Axios Tampa Bay

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Today's newsletter is 843 words, a 3-minute read.

1 big thing: Robo-real estate agent

Photo: Courtesy of Tomo

Mortgage platform Tomo is rolling out a new AI-powered home search portal today, including in Florida.

Why it matters: As more real-estate marketplaces integrate AI into their platforms, searching for homes could become a lot faster and easier. Plus, results could be more personalized.

Details: Former Zillow exec and Tomo co-founder Greg Schwartz developed the platform so consumers could search for homes based on specific wants — beyond the number of beds and baths — and shop more like savvy investors.

What makes Tomo different from existing home search giants is the platform's built-in, AI-powered free-text search capabilities, according to Schwartz.

  • The idea, Schwartz tells Axios, is for consumers to describe their dream house the way they might share with a friend.

Axios tested the tool and found it was capable of picking up on specific preferences. We plugged in: "Home with a view of lake washington, modern design, a rooftop deck, and its really important for me to have a space to WFH. Oh the kids love a backyard."

  • More than 300 listing matches came up, clearly tagged with which boxes the home checked. Some had just a couple of the requisites tagged checked off, others had most.

When you click on a listing, you'll see a description plus the names of the current owners, their original loan amount and the estimated remaining mortgage balance.

Of note: Homeowners with privacy concerns can email the Tomo support team to have their names removed.

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2. GOP stampedes in Clearwater election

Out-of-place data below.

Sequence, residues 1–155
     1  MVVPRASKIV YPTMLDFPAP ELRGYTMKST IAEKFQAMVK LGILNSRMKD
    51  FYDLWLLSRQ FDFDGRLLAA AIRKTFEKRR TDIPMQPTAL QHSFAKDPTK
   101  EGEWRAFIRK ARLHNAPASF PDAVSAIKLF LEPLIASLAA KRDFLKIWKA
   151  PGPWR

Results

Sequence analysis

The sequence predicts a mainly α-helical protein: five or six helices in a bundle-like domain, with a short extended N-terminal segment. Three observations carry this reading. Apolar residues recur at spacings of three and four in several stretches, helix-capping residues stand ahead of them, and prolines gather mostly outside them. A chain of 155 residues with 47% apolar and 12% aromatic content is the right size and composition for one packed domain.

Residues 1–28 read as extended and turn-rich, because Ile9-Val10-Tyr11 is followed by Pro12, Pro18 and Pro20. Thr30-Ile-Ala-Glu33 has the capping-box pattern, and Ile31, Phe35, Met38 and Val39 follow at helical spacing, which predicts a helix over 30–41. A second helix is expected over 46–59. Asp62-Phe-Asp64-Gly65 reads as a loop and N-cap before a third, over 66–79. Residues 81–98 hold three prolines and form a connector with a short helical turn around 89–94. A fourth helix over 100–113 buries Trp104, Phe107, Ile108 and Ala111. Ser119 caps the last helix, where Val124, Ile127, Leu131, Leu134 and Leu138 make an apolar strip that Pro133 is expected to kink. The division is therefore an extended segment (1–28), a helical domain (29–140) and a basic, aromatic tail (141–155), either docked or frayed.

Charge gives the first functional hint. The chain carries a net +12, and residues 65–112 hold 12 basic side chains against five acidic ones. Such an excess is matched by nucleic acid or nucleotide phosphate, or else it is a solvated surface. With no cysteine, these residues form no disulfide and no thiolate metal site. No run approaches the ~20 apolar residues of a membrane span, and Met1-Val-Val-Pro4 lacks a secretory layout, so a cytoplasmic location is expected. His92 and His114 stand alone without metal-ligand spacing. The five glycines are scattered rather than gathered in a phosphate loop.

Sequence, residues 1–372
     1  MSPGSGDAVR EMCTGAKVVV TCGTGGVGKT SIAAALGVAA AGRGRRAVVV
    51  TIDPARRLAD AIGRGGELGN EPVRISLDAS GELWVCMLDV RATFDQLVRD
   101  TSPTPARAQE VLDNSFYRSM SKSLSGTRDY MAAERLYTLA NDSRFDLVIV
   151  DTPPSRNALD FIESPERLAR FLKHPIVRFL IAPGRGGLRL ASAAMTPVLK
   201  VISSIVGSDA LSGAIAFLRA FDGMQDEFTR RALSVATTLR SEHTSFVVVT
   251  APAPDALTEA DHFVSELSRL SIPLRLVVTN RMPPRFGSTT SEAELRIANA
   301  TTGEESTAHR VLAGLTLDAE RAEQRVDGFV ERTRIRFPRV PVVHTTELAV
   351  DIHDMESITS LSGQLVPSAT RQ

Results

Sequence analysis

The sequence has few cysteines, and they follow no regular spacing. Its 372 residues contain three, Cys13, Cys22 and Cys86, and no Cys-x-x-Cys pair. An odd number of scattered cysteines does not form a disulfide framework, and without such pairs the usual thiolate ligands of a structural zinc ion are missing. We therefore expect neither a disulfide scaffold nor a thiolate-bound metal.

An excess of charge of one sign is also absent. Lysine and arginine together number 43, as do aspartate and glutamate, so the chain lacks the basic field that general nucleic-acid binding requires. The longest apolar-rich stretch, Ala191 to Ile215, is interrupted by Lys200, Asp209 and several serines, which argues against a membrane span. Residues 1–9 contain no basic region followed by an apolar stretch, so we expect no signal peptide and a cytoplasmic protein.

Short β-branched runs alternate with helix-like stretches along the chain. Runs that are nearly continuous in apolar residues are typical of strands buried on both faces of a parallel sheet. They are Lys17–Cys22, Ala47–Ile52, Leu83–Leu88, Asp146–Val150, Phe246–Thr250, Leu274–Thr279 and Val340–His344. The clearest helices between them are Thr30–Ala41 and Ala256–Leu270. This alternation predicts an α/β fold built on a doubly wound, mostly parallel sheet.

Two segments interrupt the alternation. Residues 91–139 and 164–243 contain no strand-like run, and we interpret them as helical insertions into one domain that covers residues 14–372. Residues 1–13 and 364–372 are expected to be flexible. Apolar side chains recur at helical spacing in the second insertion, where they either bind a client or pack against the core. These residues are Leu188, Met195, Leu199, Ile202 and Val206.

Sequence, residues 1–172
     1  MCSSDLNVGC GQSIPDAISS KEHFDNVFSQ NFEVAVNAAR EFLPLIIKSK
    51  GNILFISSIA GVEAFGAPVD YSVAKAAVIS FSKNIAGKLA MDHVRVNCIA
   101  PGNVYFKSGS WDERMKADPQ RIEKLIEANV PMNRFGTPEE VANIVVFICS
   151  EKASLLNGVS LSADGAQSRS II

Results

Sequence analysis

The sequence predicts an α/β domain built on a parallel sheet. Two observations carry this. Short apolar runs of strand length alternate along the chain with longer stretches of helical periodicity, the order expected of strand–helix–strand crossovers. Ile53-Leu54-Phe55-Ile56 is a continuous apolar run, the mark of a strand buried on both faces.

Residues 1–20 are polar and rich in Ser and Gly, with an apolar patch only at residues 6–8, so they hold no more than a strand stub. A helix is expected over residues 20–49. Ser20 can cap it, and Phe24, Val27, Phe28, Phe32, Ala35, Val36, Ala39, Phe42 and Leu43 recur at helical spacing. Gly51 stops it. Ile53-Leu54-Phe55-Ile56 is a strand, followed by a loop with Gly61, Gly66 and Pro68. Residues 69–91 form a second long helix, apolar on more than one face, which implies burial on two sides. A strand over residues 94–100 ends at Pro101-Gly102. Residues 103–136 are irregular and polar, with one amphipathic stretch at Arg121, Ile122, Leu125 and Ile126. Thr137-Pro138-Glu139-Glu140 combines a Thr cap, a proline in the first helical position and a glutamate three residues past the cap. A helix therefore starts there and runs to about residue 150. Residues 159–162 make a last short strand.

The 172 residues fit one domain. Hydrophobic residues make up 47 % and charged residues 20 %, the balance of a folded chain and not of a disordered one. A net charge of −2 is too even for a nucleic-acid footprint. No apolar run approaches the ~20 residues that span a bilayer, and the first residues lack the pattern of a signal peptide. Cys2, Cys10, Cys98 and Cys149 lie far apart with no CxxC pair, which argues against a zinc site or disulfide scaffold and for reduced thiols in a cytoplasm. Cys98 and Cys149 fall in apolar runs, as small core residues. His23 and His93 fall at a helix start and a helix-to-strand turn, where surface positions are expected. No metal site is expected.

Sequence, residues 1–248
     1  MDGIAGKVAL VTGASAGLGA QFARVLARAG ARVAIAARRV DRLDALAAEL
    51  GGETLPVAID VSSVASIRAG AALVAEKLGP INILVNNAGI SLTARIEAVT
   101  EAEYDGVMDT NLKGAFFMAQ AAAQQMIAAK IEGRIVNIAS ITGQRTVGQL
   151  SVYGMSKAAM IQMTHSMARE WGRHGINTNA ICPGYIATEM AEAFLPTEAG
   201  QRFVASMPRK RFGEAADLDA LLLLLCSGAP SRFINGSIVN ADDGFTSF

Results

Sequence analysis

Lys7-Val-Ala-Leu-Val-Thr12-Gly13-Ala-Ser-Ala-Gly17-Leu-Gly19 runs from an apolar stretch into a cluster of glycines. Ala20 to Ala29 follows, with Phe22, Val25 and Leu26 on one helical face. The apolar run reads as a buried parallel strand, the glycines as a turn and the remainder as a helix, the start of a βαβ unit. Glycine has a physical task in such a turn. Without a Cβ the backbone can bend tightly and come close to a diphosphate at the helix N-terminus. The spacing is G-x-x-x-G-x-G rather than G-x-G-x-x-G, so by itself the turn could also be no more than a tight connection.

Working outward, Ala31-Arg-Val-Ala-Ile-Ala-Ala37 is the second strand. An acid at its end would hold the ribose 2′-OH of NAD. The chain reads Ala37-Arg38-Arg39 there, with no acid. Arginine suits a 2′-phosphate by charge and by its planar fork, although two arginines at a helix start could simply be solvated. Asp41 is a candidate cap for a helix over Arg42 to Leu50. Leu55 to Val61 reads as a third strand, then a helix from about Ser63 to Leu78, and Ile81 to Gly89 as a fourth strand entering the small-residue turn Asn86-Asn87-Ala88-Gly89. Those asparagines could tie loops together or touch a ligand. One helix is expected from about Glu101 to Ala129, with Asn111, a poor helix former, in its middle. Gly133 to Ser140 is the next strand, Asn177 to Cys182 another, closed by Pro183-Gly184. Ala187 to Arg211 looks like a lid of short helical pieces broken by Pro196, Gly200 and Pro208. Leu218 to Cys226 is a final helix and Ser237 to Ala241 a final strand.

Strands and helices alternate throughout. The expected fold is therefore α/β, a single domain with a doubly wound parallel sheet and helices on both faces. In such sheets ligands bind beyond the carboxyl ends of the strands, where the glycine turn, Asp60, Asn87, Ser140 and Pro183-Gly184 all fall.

Illustration: Brendan Lynch/Axios

The first ballots of the season hit mailboxes in Pinellas County this week.

Why it matters: The presidential race isn't the only election to watch. Closer to home, municipal elections are heating up.

Zoom in: After Clearwater's mayor quit suddenly and publicly last year, a new mayor and new councilmembers will reshape Tampa Bay's third-largest city.

Context: In Clearwater's government system, the mayor runs meetings and acts as the face of City Hall but has an equal vote with four other councilmembers.

What's ahead: The deadline to request a mail ballot is March 7, early voting is March 9-17 and election day is March 19.

Mayor's race: He said, she said

Who's running: Bruce Rector, an attorney who ran for City Council unsuccessfully in 2020, takes on councilmember Kathleen Beckman.

The attacks: Rector is endorsed by former mayor Frank Hibbard and his appointed replacement, Interim Mayor Brian Aungst Sr., both Republicans, as well as U.S. Rep. Anna Paulina Luna (R-St. Petersburg) and the Tampa Bay Times editorial board.

  • In a letter mailed by Rector's campaign, Hibbard names Beckman as the reason for his sudden resignation, claiming she wanted to prioritize $90 million for a new city hall in the budget. She denies the claim, saying the project is now projected to cost $31.5 million, according to the Times.